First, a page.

The role of the European Central Bank (ECB) is a lively and heatedly debated topic in the public and in politics. The questions are whether and how the ECB should actively play role and take measures to avoid a crisis like the one the European Union has been experiencing. Leading up to the economic and financial crisis of 2008-2009, many countries were enjoying a real-estate boom, which was followed by a rapid decline in housing prices. Before the bust, the consensus seemed that central banks should focus on inflation targets and the output gap, while ignoring potential bubbles. Now voices are emerging that call for central banks to “lean against the wind,” meaning they should raise interest rates to counteract asset price inflation. This is demanded even under consideration of the cost of temporary deviations from inflation or output gap targets.
In a recent Barcelona Graduate School of Economics working paper (No. 724) (December 2013), Jordi Galí and Luca Gambetti provide evidence on the response of stock prices to sudden and considerable changes in monetary policy, so called shocks, and try to use that evidence to infer the nature of the impact of interest rate changes on the bubble component of stock prices.
Monetary policy and asset price bubbles: theoretical issues
The starting point of the investigation is an estimated vector-autoregression (VAR) on quarterly US data from 1960 to 2011 for GDP, inflation, dividends, the federal funds rate, and a stock price index (S&P500). The identification of monetary policy shocks is based on the approach of Christiano, Eichenbaum, and Evans (2005). The price of an asset is assumed to be composed of two components. First, a “fundamental” component, which is the present discounted value of future dividends and is assumed to decline in response to an exogenous tightening of monetary policy. Second, a bubble component, which under the “conventional view” declines in size as a response to monetary tightening as well. According to the findings of Galí (2013), this does not have a clear theoretical underpinning. Instead, economic theory indicates that in equilibrium the expected growth rate of the bubble equals the interest rate (under risk neutrality).
In the empirical investigation the authors assume that a monetary policy shock does not affect GDP, dividends, or inflation contemporaneously. The tightening of monetary policy, meaning an increase in interest rates, is found to lead to a persistent increase in both nominal and real rates, and an accompanying decline in dividends. The stock price index also declines in the short run, though, subsequently recovering and ending up in slightly positive territory. The authors detect a substantial and growing difference between the response of the stock and that of the fundamental component of stock prices to a monetary policy shock. They interpret that evidence as being consistent with the existence of a bubble whose growth is increasing in the interest rate.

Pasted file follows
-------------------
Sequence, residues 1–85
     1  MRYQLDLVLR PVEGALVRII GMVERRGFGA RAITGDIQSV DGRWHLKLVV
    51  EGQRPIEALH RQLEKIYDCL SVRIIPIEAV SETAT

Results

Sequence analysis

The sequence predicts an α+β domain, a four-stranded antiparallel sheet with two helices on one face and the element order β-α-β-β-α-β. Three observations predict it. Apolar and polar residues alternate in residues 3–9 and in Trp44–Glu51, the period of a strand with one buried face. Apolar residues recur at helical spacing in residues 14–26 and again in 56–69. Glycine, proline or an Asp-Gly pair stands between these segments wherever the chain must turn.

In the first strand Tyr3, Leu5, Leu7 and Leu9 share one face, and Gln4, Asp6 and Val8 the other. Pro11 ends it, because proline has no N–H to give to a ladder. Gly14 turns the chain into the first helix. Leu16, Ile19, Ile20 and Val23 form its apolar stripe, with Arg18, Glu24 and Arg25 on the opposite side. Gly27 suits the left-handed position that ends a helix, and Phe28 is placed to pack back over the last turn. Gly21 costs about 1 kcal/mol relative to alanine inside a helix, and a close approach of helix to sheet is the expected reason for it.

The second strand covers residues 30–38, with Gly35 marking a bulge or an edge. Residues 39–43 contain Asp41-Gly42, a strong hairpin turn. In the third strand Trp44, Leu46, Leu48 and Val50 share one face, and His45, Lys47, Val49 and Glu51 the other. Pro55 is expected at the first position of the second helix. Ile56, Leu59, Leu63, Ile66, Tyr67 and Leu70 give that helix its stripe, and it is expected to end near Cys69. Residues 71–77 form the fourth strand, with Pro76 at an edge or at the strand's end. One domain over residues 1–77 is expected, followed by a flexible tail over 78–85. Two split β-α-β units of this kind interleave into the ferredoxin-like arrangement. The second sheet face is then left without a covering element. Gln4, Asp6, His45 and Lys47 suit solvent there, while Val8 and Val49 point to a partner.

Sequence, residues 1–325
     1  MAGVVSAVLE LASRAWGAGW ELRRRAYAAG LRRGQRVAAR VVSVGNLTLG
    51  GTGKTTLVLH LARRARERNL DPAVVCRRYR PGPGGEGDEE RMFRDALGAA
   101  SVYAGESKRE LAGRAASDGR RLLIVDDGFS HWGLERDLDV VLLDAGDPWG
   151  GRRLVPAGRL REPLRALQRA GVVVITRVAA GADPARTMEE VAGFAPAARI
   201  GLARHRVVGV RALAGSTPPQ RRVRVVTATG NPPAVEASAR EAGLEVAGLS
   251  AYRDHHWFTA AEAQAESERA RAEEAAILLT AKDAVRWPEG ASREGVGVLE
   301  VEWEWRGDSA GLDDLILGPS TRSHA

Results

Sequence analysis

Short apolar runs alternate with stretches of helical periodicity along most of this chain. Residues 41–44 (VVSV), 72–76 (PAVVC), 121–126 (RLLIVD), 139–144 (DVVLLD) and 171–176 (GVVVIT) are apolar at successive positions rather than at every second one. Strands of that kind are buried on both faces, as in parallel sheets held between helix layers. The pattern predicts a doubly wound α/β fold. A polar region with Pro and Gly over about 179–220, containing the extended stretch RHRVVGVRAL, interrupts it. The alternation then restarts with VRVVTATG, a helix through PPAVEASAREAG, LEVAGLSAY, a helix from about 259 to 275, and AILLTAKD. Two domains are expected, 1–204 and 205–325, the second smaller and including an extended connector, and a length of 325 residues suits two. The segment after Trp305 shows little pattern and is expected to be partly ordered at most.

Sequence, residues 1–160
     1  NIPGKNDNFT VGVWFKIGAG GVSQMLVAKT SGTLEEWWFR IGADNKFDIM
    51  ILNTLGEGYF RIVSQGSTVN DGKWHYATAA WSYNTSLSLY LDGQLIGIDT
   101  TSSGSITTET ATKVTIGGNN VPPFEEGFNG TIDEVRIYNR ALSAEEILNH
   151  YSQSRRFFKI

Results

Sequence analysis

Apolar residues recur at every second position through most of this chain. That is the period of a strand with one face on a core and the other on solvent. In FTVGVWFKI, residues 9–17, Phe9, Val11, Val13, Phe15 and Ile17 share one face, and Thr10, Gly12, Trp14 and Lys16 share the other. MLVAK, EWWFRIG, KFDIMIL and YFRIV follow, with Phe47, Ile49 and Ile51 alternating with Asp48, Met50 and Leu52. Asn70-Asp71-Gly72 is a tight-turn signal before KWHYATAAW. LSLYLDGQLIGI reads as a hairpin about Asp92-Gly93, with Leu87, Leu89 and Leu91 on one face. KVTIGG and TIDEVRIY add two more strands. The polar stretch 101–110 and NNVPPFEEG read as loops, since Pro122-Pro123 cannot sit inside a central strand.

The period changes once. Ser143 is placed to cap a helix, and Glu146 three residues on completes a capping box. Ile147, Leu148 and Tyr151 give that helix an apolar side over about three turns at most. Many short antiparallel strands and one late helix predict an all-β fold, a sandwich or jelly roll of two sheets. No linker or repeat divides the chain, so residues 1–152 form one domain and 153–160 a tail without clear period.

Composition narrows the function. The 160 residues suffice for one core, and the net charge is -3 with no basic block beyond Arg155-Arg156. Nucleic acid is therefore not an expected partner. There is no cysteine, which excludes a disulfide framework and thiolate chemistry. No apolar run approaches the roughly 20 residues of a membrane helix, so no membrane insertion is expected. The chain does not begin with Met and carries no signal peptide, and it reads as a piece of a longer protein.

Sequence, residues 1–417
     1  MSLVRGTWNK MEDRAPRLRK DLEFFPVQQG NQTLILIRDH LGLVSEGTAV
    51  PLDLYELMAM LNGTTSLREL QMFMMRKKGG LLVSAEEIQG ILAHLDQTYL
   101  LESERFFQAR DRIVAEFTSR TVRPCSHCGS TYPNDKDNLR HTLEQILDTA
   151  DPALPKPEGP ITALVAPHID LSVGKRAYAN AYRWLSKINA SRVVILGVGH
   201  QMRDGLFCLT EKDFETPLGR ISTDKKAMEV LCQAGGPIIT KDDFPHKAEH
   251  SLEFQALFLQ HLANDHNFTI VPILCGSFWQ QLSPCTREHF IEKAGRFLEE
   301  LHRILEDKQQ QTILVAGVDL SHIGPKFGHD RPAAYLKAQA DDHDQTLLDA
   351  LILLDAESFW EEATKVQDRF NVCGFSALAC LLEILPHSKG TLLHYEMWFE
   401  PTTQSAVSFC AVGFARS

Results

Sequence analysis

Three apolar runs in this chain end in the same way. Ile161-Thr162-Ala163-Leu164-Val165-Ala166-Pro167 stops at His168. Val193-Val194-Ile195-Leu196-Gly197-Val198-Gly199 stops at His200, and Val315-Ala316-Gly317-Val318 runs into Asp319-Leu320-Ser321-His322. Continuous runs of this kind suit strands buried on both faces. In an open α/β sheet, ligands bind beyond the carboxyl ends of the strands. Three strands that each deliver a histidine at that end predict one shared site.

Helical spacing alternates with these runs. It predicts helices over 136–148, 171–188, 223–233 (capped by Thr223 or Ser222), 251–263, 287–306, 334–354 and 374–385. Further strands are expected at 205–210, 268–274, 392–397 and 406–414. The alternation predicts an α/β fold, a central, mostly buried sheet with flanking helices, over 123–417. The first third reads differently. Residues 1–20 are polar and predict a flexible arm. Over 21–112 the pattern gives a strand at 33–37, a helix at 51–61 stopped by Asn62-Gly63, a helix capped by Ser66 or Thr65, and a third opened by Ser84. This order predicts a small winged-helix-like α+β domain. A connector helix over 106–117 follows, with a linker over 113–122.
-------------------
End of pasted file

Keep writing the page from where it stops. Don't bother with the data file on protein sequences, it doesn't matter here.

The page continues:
More specifically, the S&P500 is shown to generally decline on impact, often substantially, in response to monetary policy tightening. Until the late 1970s, consistent with the response of stock prices in the absence of a bubble, that decline is persistent. By contrast, starting in the early 1980s, the initial decline is rapidly reversed with stock prices rising quickly (and seemingly permanently) above their initial value. That phenomenon is particularly acute in the 1980 and 1990s. Except for in the early part of the sample the gap between observed and fundamental stock prices appears to be positive and growing as put forth by the theory of rational bubbles, and in contrast to the “conventional view”. The estimated probability of the gap being positive is well above 50 percent as of the mid 80’s.
Given the provided evidence that a rise in interest rates can increase bubbles, the authors call for further research on the effects of monetary policy on asset price bubbles before one starts thinking about how monetary policy should respond to asset prices.
Galí, Jordi. “Monetary Policy and Rational Asset Price Bubbles.” American Economic Review, 104(3), 721-52.
Christiano, Lawrence J., Martin Eichenbaum, and Charles L. Evans. “Nominal Rigidities and the Dynamic Effects of a Shock to Monetary Policy.” Journal of Political Economy, 113(1), 1-45, 2005.
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